NREL's Sustainable Mobility Initiative approaches transportation as an integrated system, where travelers and transportation resources are viewed as a dynamic network that can be used to optimize mobility and significantly reduce related energy consumption and emissions.
Nika Durham | NREL
Today's transportation system is rapidly evolving, with increasingly automated vehicles and tremendous amounts of information at the fingertips of the modern-day traveler. Recognizing this, the Energy Department's National Renewable Energy Laboratory (NREL) recently formed a partnership with the Colorado Department of Transportation (CDOT) on the state's $20 million RoadX transportation program, formally kicking off the lab's broader Sustainable Mobility Initiative.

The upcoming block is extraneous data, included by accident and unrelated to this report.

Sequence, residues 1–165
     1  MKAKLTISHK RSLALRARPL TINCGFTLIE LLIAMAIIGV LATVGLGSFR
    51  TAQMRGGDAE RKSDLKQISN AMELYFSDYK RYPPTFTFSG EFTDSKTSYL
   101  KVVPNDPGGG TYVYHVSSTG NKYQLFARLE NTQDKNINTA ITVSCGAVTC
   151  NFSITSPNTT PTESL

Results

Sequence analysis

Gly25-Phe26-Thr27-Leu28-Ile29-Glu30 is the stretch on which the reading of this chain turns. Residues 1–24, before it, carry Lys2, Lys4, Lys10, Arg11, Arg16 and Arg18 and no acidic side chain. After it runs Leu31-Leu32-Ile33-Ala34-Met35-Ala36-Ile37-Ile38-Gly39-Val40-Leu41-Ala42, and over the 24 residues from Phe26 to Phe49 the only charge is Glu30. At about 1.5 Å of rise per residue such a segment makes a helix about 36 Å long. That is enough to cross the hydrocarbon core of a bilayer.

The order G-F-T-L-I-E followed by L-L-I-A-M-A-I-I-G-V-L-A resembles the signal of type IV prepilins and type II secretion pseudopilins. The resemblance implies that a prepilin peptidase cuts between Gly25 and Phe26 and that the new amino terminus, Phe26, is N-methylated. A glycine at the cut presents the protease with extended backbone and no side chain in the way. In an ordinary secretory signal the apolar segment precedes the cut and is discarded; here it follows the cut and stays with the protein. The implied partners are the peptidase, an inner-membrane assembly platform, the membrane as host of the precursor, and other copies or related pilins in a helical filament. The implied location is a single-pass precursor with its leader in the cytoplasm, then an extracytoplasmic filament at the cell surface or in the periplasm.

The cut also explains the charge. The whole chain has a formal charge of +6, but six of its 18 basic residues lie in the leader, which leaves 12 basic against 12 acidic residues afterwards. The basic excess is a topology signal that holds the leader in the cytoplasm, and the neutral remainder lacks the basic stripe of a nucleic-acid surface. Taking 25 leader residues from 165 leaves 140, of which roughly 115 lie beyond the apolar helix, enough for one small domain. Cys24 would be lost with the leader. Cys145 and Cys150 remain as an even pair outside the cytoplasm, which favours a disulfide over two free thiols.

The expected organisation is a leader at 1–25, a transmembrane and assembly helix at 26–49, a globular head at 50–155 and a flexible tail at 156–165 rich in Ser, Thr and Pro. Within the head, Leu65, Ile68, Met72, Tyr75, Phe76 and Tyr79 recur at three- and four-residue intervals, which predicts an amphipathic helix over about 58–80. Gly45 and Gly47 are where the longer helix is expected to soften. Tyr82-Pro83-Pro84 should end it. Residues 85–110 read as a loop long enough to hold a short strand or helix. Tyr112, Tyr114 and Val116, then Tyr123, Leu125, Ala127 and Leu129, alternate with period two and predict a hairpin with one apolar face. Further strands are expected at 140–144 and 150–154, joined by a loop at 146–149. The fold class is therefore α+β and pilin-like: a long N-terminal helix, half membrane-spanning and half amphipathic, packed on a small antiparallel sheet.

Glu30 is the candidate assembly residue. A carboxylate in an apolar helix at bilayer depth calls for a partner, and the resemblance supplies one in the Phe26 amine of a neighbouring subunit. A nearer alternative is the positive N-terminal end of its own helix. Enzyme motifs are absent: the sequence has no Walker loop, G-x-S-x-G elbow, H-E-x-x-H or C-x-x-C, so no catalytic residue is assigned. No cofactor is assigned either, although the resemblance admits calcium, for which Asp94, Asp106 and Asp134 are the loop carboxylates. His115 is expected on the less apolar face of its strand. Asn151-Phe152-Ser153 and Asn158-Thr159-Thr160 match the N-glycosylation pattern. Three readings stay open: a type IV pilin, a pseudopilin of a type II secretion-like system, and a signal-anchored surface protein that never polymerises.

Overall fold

NREL's Sustainable Mobility Initiative approaches transportation as an integrated system, where travelers and transportation resources are viewed as a dynamic network that can be used to optimize mobility and significantly reduce related energy consumption and emissions. NREL will draw on the cross-cutting research capabilities now consolidated under its Sustainable Mobility umbrella to offer far-reaching solutions that support CDOT's RoadX program, a transformative plan that reimagines transportation in Colorado as a crash-free, technologically advanced system.
Growing Momentum for Efficient Mobility